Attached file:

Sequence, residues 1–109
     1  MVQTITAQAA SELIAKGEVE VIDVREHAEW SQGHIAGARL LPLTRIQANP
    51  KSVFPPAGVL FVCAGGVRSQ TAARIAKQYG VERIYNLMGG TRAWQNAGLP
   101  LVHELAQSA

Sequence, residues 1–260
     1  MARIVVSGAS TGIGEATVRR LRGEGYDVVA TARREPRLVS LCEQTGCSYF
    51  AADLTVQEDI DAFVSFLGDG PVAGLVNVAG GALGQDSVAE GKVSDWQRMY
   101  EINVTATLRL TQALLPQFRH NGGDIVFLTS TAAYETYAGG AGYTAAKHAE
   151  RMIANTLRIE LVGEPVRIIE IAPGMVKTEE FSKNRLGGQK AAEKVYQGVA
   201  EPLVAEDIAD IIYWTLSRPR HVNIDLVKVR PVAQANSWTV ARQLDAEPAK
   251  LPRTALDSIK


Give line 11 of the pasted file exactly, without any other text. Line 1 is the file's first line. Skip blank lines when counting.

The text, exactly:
   251  LPRTALDSIK